TYLER, Texas — Prior to COVID-19, this year started off strong for businesses across East Texas.
According to the Bureau of Labor Statistics, Tyler had an 11.3% unemployment rate in May.
Tom Mullins, President and CEO of the Tyler Area Chamber of Commerce, says while the number was a significant increase from months past, some industries are still hiring.
Brookshire’s, for example, added more employees due to the changes in consumer buying habits as a result of spending more time at home.
Businesses with lower margins such as restaurants, have faced a more serious challenge. The decline in foot traffic and changes to the number of people allowed inside has made it difficult to make a profit. Meanwhile, some industries like real estate are thriving, returning to pre-coronavirus levels.
Other East Texas cities have seen growth through the pandemic as well. In Lindale, the development leading up to the coronavirus pandemic helped move the city forward. Shelbie Glover, President and CEO of the Lindale Area Chamber of Commerce, credits that growth to a solid foundation in the months leading up to COVID-19. She pointed out that a new bank, gas station and restaurants have all been opened or in the process of opening, since the pandemic began.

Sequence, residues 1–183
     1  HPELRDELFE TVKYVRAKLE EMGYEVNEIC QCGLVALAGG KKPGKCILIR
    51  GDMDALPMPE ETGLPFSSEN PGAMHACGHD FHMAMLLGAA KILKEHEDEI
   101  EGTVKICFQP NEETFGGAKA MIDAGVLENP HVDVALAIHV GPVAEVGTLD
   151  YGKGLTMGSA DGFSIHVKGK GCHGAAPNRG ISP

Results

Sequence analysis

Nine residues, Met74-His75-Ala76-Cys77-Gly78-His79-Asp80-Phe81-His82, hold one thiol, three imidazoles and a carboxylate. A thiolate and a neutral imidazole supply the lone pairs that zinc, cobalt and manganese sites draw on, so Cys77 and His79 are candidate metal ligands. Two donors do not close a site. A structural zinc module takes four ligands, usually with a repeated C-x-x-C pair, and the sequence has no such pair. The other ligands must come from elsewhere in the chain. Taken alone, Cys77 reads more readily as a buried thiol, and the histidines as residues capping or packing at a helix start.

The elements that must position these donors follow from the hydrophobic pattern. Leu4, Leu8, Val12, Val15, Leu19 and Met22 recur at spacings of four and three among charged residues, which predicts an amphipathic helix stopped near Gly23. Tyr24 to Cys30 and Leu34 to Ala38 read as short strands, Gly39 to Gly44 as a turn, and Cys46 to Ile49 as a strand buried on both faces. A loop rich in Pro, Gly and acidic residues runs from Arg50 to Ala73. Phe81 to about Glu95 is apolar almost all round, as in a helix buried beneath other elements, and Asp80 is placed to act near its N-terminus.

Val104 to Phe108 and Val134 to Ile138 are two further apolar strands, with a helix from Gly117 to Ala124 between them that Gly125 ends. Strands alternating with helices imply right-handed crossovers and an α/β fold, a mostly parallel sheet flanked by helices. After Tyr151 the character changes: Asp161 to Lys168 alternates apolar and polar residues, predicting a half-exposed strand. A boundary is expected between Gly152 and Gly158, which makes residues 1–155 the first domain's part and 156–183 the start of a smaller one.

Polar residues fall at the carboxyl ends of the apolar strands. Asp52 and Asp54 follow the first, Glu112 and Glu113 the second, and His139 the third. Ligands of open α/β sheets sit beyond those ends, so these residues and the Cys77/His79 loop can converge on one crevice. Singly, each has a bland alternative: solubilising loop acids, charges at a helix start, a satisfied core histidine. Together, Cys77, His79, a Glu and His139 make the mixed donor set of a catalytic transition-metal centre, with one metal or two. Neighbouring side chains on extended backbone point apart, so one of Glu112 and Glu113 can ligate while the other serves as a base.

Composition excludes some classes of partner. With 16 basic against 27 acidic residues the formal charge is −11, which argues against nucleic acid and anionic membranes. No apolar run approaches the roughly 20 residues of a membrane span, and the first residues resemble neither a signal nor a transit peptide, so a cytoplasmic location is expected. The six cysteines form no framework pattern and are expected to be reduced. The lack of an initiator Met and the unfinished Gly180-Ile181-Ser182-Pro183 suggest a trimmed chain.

As East Texas settles into this new normal, a key focus is educating the community and restarting the economy safely. In a smaller city like Lindale, the challenge was getting residents familiar with curbside services and picking up food instead of dining inside a restaurant. The Lindale Area Chamber of Commerce is encouraging everyone to wear face masks, and they are creating backup plans for many of their events.
For the rest of the year, both the Tyler and Lindale Chamber of Commerce are moving forward with business as usual, making changes on the fly and making multiple backup plans.
Despite the challenges brought on by COVID-19, there is optimism about the rest of the year. New companies are bringing hundreds of jobs to Tyler, and there are new projects taking place in the medical industry.
The ultimate key to weathering a significant event like COVID-19 is a diverse economy; making sure there are strong business pillars in multiple industries, so when one declines, the region does not suffer.